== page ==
Holy Week – But Few Easter – Comics

Dave Whamond began Holy Week with his Palm Sunday Reality Check page depicting The Last Supper a few days earlier than it is traditionally held and doing a pretty good job of showing the Leonardo Da Vinci painting.

The past week began in earnest with Monday and Greg Cravens playing with negative art in The Buckets.

The black out lasted all week (and into this coming week?) and I thought it was visually wonderful, with the outlines using primary colors being particularly appealing. I would really like to see a black and white version of one of the strips – bet that black really grabbed the eye on a newspaper comics page.

Bottom Liners is a cartoon panel ostensibly to “skewer the world of business and finance.” Politics would naturally come into play, but it used to be that Eric and Bill Teitelbaum were more generic in terms of politicians inability to govern (remember the small society?). But this election year they are very much a partisan voice.

And it seems to be a very much a right wing, if not actually MAGA, voice; as opposed to just conservative.

Politics has long been a staple of comic strip gags and continued to be this week with Speed Bump and, surprisingly, Blondie for example. But Bottom Liners goes anti-liberal two or three times a week these days.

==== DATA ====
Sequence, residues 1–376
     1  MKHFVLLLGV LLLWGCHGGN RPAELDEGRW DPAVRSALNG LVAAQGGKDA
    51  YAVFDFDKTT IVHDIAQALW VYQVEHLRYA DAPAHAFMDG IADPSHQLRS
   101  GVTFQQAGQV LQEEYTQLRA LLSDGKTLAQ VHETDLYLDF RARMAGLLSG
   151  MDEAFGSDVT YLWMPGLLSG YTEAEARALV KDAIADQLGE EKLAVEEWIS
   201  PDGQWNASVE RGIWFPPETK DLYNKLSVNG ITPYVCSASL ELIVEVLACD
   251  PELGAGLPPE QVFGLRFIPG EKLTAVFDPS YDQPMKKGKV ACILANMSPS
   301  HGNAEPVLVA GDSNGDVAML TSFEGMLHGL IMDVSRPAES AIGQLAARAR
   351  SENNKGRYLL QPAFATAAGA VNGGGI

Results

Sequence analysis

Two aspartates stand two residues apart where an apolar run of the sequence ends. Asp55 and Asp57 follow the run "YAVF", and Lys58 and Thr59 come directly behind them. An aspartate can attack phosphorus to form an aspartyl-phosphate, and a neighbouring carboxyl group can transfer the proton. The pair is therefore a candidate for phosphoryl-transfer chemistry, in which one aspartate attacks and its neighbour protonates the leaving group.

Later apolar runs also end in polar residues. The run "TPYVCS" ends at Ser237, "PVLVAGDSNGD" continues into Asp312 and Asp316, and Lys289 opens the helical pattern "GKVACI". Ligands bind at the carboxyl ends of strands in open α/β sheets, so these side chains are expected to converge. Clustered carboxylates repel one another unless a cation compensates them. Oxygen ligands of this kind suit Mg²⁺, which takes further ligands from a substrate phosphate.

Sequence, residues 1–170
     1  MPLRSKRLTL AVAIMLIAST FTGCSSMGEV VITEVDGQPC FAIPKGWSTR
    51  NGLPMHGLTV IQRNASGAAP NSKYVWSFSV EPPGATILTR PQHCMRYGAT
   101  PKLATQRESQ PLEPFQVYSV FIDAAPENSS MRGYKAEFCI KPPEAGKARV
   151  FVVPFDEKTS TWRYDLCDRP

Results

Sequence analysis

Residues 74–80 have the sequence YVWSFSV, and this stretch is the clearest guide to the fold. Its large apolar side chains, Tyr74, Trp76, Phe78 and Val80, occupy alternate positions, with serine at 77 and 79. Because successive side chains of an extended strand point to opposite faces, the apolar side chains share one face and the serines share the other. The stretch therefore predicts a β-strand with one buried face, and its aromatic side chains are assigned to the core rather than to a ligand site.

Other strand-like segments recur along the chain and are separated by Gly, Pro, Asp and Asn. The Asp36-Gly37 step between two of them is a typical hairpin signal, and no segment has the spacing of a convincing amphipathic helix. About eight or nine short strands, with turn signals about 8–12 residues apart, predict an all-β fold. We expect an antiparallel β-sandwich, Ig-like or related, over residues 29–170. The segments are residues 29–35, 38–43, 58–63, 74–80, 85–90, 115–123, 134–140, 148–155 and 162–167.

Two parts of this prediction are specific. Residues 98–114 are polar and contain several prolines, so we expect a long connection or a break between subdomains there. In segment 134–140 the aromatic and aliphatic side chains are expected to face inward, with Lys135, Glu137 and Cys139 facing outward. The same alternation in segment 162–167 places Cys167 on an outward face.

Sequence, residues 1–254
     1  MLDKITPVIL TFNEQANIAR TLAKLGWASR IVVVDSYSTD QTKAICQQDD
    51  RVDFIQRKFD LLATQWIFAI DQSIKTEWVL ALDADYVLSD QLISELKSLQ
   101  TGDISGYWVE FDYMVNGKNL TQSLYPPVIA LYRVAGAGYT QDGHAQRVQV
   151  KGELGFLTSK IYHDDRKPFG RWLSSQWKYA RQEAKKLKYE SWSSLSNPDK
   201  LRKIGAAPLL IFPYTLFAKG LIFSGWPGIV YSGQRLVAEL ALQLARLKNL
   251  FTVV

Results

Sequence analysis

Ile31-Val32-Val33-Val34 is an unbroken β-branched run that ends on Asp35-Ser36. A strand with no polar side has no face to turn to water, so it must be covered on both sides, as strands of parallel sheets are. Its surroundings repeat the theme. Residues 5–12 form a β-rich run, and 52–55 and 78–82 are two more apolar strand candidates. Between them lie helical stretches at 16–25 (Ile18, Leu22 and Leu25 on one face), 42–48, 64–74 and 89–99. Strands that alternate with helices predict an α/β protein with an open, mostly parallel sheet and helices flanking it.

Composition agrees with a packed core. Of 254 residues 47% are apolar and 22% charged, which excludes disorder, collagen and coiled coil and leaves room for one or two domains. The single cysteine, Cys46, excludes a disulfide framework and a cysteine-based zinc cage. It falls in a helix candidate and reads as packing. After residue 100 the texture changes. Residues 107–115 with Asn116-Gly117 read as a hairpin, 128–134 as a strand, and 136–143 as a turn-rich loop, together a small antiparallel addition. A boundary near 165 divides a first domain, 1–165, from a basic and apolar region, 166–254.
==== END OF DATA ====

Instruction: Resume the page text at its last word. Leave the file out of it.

Disappointment comes with Gasoline Alley.

I was looking forward to a wayback when story of the the early days by Jim Scancarelli which are always enjoyable, but only Tuesday and Wednesday carried Tales From the Alley of Post WWI. But maybe the near future…??

Instead of Easter Gary Delainey and Gerry Rasmussen celebrate hard copy newspapers. Betty and Bub find many uses for the daily fishwrap, though it may take a couple days worth of newspapers wrapped together to actually swat a fly considering the heft of a daily newspaper these days. Maybe a Sunday paper would work.

It is Easter so I went searching for Easter eggs, and found the title panel for today’s Bizarro.

The treat inside this particular egg was a surrealistic Dan Piraro piece.

More Easter Eggs!

We’ll close with my favorite non-Walt Kelly Pogo comic strip courtesy

Thomas Haller Buchanan and The S. F. Examiner via newspapers.com

Walt Kelly’s Pogo by Larry Doyle and Neal Sternecky from March 26, 1989.

2 thoughts on “Holy Week – But Few Easter – Comics

  1. Even on March 31, 2024 there was a Classic Peanuts Easter strip with Snoopy as the Easter Beagle coming out of a giant Easter egg and doing a unicycle act with Easter egg juggling – originally from Easter 1977,

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